I got about 130 pages into this and thought I had it figured out. I was way wrong! Definitely didn't see those plot twists coming!
A Seat by the Hearth by Amy Clipston returns us to Lancaster County, Pennsylvania. Priscilla Allgyer is returning to her parent's home after eight years with her six year old son, Ethan. Her mother, Edna welcomes her, but her father, Yonnie is just as cold, critical and disapproving as ever. Priscilla is thankful that he is kind to her son and that is what is most important to her. Yonnie will allow her to stay if she follows certain rules. He insists that Priscilla and Ethan wear Amish dress, visit the Bishop right away confess her sins and to get right with the church since she is currently shunned, and then he wants her to find an acceptable husband. Mark Riehl is now working for Yonnie helping him train horses and he is known for charming the local females. Priscilla is the first woman to not fall for his charm and is leery of trusting any man after her experience with Ethan's father. As time passes, they are slowly becoming friends. One day Priscilla is upset, and she is talking to Mark in the barn. Yonnie and the Bishop walk in and misconstrue the situation. Priscilla must make a choice that not only affects her, but Mark, Ethan and their families. Can Priscilla learn to trust Mark and build a future with him?
A Seat by the Hearth is a lovely story. I thought it was well-written with steady pacing. There are good characters and a beautiful setting. Priscilla is reluctant to return home to her father's dictatorial rule, but she has no other options. Yonnie has been indifferent, stern and judgmental of Priscilla her whole life. She wishes her family was more like the warm and welcoming Riehl's. Mark is a charmer and he knows it. He has yet to feel the need to settle down. Mark is baffled by Priscilla's indifference. He sees how Yonnie treats Priscilla and he wants to be her friend. I like how the relationship between Mark and Priscilla progresses slowly. They are attracted to each other in the beginning, but they take the time to get to know one other. In Priscilla's case, she has issues to overcome before she can begin again with someone new. I appreciated that we get to see how actions speak louder than words. Amy Clipston created delightful characters for this story and the main characters complement each other. We also learn how upbringing can affect a person (we learn from our parents). The series issue of abuse is handled carefully and responsibly. Some of the Christian elements present in A Seat by the Heart are prayer, forgiveness, forgiveness and trusting in God. While A Seat by the Hearth is the third book in An Amish Homestead series, it can be read alone. Personally, I have enjoyed the journey with the Riehl family in each new book, and I am glad that I read them in order. I started A Seat by the Hearth and finished it within three hours. Amy Clipston has an appealing writing style. It is like Amy is sitting in a chair by the fire and telling us a story. A Seat by the Hearth is an engaging and emotional novel with heartwarming characters.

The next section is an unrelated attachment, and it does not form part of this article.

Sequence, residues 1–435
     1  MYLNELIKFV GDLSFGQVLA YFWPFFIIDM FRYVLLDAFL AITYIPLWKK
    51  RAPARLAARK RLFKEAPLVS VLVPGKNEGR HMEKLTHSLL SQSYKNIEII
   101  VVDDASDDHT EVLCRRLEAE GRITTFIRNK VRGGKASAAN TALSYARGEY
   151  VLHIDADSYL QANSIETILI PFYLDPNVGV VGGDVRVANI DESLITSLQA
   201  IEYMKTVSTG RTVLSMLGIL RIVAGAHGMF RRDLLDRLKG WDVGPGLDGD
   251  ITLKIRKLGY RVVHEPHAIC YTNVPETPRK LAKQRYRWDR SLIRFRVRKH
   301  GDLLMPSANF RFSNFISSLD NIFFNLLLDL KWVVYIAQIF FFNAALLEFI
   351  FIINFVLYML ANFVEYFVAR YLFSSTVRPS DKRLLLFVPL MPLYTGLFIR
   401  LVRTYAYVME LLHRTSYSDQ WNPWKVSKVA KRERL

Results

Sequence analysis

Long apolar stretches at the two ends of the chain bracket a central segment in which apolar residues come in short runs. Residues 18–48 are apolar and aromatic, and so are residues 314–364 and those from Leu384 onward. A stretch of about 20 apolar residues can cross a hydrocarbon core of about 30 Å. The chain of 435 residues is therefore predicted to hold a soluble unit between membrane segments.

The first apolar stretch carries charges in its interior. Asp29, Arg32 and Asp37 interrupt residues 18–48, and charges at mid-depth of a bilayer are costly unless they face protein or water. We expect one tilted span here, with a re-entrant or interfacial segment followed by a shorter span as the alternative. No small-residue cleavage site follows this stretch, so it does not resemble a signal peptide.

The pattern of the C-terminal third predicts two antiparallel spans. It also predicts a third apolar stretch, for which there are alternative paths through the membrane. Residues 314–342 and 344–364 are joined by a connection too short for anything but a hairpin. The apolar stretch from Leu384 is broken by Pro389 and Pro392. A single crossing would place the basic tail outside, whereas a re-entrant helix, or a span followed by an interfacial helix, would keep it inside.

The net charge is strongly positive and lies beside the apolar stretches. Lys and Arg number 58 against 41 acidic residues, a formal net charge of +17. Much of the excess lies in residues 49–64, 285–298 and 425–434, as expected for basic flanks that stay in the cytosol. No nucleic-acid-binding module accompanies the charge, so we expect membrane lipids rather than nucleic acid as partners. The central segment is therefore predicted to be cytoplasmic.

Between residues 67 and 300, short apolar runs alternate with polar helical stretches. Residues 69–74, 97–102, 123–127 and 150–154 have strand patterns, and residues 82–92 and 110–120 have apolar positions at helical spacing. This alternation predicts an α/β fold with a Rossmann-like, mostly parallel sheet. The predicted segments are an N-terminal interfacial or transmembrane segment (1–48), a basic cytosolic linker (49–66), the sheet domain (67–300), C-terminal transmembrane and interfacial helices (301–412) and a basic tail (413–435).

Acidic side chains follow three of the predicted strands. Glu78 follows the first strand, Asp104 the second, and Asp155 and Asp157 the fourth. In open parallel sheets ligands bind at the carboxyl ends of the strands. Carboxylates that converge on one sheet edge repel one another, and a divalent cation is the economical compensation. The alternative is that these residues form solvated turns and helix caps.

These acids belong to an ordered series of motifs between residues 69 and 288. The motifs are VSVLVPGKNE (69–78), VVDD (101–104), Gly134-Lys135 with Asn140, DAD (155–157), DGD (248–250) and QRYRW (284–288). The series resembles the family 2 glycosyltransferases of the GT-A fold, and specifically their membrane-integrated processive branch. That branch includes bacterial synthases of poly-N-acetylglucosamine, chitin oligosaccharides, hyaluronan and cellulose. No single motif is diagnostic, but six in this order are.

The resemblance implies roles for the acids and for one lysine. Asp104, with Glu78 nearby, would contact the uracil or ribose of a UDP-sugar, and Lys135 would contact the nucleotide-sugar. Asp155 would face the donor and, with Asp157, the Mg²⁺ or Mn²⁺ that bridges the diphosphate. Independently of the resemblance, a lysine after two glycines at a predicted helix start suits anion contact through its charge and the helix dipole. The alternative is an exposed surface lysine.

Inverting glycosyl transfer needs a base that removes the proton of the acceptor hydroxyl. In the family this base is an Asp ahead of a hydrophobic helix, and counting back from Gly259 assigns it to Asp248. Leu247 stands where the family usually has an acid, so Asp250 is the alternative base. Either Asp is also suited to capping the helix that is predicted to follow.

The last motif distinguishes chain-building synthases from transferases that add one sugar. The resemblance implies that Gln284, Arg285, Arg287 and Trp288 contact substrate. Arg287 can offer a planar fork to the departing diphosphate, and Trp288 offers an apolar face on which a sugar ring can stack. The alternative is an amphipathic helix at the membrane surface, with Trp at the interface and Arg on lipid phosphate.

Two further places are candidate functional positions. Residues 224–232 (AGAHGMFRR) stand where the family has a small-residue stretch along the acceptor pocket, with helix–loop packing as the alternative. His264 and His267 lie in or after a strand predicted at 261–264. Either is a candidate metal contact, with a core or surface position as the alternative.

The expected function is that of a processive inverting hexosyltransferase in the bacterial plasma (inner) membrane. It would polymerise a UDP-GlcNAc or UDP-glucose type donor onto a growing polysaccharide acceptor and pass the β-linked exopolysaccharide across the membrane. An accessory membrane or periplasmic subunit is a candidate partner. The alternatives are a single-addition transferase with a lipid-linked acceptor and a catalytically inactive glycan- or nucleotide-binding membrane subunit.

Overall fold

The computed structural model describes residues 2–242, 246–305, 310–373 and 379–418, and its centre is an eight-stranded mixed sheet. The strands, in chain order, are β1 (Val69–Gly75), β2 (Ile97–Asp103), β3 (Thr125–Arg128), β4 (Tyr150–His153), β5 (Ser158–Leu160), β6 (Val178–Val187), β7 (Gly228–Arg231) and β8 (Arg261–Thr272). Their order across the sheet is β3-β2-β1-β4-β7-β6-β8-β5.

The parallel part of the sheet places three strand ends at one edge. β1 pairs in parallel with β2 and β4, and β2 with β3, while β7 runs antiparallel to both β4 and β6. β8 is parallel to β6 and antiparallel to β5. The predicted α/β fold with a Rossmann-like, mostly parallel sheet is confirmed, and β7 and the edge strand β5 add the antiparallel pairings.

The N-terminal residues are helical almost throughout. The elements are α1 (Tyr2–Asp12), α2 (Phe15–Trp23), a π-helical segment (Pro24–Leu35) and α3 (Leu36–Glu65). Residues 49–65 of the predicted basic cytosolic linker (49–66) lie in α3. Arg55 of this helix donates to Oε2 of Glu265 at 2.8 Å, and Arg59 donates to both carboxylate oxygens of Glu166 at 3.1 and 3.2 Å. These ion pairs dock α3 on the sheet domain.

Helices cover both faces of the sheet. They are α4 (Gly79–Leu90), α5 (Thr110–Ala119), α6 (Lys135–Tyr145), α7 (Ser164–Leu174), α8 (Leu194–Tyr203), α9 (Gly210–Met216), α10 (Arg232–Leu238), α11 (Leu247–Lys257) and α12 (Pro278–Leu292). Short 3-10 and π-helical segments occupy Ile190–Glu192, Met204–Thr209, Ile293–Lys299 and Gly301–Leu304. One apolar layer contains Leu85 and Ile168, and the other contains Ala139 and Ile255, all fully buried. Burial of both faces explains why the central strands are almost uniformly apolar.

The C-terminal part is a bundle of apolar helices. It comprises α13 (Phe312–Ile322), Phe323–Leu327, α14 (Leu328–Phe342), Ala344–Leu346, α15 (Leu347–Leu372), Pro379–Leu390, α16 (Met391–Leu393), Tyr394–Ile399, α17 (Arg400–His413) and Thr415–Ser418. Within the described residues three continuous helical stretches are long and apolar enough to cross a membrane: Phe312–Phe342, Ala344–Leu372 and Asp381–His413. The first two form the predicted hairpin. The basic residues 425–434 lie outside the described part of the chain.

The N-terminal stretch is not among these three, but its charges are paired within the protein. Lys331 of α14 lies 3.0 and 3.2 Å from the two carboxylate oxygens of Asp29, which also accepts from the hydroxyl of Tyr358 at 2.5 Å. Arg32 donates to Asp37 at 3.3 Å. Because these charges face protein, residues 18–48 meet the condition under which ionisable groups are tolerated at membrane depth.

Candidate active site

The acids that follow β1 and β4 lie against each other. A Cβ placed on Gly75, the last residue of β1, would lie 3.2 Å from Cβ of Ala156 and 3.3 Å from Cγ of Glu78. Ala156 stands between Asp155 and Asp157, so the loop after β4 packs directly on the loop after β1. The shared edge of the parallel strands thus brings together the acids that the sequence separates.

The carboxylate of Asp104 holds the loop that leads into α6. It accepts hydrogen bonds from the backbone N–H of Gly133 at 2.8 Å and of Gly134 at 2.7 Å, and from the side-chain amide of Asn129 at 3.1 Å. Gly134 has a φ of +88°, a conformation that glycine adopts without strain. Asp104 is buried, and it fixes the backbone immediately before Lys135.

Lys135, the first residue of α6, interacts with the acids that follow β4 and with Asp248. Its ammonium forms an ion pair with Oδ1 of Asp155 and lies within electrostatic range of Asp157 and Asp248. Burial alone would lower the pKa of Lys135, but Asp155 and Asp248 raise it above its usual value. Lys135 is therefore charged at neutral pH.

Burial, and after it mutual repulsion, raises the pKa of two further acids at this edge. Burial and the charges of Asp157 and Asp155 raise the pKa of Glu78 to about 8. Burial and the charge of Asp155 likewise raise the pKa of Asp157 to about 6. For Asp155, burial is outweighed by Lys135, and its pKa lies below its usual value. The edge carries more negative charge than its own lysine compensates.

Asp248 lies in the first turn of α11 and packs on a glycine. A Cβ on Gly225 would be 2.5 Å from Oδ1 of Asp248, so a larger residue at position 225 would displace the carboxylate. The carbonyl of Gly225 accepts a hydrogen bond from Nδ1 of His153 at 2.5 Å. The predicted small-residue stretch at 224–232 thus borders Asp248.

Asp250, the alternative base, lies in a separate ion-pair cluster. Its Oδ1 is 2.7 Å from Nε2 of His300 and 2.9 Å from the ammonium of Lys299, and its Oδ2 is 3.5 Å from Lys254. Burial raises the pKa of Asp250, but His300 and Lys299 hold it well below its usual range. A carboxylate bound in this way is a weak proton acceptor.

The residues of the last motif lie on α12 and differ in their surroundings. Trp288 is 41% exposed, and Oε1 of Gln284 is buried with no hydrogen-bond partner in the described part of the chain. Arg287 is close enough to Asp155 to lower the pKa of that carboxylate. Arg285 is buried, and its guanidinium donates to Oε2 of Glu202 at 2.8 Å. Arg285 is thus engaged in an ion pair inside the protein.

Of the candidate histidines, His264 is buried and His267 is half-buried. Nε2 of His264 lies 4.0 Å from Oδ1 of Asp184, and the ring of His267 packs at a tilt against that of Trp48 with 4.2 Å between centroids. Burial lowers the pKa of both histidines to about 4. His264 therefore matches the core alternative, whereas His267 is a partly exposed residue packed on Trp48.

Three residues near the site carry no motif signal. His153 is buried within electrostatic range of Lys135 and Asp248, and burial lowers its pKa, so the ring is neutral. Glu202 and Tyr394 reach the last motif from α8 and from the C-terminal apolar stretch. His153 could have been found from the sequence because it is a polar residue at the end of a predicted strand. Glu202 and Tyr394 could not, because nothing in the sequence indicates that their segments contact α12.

Cadence is a mother and wife and freelance journalist. After her divorce she starts drinking and becomes an alcoholic. With so much drug and alcohol addiction prevalent today I found it too depressing.
A very interesting read taking place in the Ice Age. The author writes so he brings you back with him on the peoples journey and life
A very suspense filled romance and mystery read.
Lydia moves back home with her 4 yr old son after her husband dies and she is with out an income to support her family. She knows it will be hard to do since her mother and she never were compatible.A good story develops and romance springs.
This is a Christmas story interwoven with romance. THE MAIN CHARACTER IS about to be engaged when he takes his young daughter to New York along with the woman he believes will be his wife. A surprise develops when an accident happens.His planned life is turned upside down.
I have watched Sylvia Browne on TV and was amazed at watch she reveals. This book gives one a deeper insight into her.
This book gives one the picture of the operation of the coast guard along with a good romance.
A very good picture develops of this man's personality and the influence of his mother and his heritage on the man he is today.
1875 part continues saga; later section 1977 with great-grand children of original characters. Native uprisings, gold, building of empire. Smith is a great adventure writer.
Great subject matter - Shapiro really does her research on how to forge a work of art! Fascinating. She also does a great job with the mystery end of the narrative as well.
As always, a nice read. Penelope Lively consistently keeps me engaged.
In the Hurricane's eye Exclusive barnes and Noble Edition
Author: Nathaniel Philbrick
How Washington and Nathaniel Greene won the water battles across the southern rivers and Chesapeake Bay. I believe that it was God ordained. The FRench and English were not trained to fight unconventional land and water battles